By UAF assistant secretary Martin Smith in Aarhus, Denmark
I don’t know why the racists chose Aarhus in Denmark as the venue for their European-wide conference, but they did.
Some of the most vile and racist organisations in Europe attended the gathering on Saturday 31 March 2012. They included delegations from Germany, Poland, France and of course the English Defence League.
No sooner was the conference announced than Denmark’s antiracists organised a coalition to stop the event. It included trade unionists, students, social democrats and revolutionary socialists – people from different political currents came together over one issue: they weren’t going to allow Nazis to meet unopposed in their city.
I was honoured to be invited to attend the protest and speak on behalf of Unite Against Fascism.
The local council, which opposed the plan to hold an antiracist event on the day the EDL and friends were coming, instead organised a concert the week before. According to the city newspaper around 1,000 people attended it.
Disappointingly, the council also urged people not to attend the antifascist protest, but instead put a lighted candle in their window on the day the Nazis came to Aarhus.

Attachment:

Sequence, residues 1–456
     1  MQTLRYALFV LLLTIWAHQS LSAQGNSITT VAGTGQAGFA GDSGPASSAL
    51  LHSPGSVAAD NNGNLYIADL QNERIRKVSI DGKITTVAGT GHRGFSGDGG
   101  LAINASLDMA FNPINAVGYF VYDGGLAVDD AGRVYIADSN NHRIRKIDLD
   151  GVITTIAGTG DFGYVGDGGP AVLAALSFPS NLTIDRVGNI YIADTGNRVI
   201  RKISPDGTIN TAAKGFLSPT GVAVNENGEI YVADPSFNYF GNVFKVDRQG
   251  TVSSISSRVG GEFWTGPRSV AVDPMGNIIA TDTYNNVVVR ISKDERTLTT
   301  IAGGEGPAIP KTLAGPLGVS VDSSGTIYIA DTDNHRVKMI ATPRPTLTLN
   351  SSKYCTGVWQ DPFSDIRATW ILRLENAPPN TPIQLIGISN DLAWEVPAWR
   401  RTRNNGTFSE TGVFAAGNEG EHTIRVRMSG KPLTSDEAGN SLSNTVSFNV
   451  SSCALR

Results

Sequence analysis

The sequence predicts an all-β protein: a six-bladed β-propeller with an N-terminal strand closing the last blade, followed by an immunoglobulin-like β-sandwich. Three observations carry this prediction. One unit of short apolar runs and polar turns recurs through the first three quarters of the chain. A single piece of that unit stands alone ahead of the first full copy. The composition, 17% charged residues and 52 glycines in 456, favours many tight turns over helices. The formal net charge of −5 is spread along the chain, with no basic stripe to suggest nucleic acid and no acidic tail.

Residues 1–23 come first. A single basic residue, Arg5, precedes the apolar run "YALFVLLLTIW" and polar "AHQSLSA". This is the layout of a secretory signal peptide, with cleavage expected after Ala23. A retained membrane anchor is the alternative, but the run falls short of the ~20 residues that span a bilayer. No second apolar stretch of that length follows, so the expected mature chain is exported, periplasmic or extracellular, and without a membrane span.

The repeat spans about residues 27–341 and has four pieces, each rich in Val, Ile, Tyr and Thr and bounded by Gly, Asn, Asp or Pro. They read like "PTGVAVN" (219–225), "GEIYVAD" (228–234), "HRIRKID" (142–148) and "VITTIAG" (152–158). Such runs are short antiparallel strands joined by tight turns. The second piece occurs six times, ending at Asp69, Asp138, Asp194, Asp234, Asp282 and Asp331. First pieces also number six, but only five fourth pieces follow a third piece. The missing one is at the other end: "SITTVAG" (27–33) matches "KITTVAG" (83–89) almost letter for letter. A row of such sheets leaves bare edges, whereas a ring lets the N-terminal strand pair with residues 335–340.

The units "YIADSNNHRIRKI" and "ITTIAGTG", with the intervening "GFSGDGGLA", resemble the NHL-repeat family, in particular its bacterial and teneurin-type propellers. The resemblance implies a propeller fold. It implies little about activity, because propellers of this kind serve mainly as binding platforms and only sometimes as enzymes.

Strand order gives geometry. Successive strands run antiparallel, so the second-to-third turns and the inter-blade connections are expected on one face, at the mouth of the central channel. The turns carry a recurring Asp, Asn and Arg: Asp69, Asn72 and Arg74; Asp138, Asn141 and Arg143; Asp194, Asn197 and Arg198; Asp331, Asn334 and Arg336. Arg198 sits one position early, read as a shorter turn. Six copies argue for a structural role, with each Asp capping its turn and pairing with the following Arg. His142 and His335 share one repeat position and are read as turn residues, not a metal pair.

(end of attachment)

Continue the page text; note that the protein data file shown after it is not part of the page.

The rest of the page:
Fortunately most people ignored the council’s advice and instead joined the antifascist mobilisation.
On the day, thousand marched – the turnout far exceeded the organisers’ hopes.
The march was determined, but it was also a carnival of hope.
Trade unionists and students, people with a range of political backgrounds and none, all marched together to oppose fascism. There were giant puppets, sound systems and flags all adding to the spirit.
It was great to see black and white people, Muslims and Jews standing shoulder to shoulder. As we snaked through the city a handful of racists hurled abuse at us. One was wearing a Combat 18 T-shirt. The police quickly bundled the fascists away.
The sound systems pumped out music by Rage Against the Machine and a version of KRS One’s Sound of da Police.
Finally we arrived in a huge square in the centre of town, the site of our rally. The square was full.
It’s hard to say how many were there, the police said 8,000 – others claimed 10,000. Whatever the true number, it was the biggest antiracist demonstration in the city since the Nazis killed a socialist activist in 1992.
There were speeches and music. When it was my turn to speak, I sent solidarity greetings from UAF, and spoke about the need to oppose the EDL and the necessity of taking a principled stand against Islamophobia. I hope I did UAF proud – we will have a copy of the speech online shortly.
When the rally ended, thousands of young people marched up to the site of the EDL conference to show their opposition to the fascists. Some protesters disrupted the racist convention. I really don’t believe there was more than 100 of the EDL’s cronies.
Denmark’s antiracists humiliated the EDL and their friends in Aarhus. Now our job is to do the same in Luton on 5 May.